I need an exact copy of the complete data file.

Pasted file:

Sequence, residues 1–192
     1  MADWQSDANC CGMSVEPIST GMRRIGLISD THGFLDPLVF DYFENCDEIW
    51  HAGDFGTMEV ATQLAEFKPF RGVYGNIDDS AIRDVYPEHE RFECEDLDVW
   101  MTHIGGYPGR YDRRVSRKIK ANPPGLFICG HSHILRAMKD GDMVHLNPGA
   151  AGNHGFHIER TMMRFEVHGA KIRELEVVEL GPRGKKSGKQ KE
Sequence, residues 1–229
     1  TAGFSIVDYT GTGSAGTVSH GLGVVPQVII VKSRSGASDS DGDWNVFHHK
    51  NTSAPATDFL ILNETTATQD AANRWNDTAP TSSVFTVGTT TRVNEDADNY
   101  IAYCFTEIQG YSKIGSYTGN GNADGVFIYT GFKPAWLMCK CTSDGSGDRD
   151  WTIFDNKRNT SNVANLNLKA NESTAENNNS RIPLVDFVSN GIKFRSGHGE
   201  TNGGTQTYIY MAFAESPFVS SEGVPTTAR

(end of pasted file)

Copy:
Sequence, residues 1–192
     1  MADWQSDANC CGMSVEPIST GMRRIGLISD THGFLDPLVF DYFENCDEIW
    51  HAGDFGTMEV ATQLAEFKPF RGVYGNIDDS AIRDVYPEHE RFECEDLDVW
   101  MTHIGGYPGR YDRRVSRKIK ANPPGLFICG HSHILRAMKD GDMVHLNPGA
   151  AGNHGFHIER TMMRFEVHGA KIRELEVVEL GPRGKKSGKQ KE
Sequence, residues 1–229
     1  TAGFSIVDYT GTGSAGTVSH GLGVVPQVII VKSRSGASDS DGDWNVFHHK
    51  NTSAPATDFL ILNETTATQD AANRWNDTAP TSSVFTVGTT TRVNEDADNY
   101  IAYCFTEIQG YSKIGSYTGN GNADGVFIYT GFKPAWLMCK CTSDGSGDRD
   151  WTIFDNKRNT SNVANLNLKA NESTAENNNS RIPLVDFVSN GIKFRSGHGE
   201  TNGGTQTYIY MAFAESPFVS SEGVPTTAR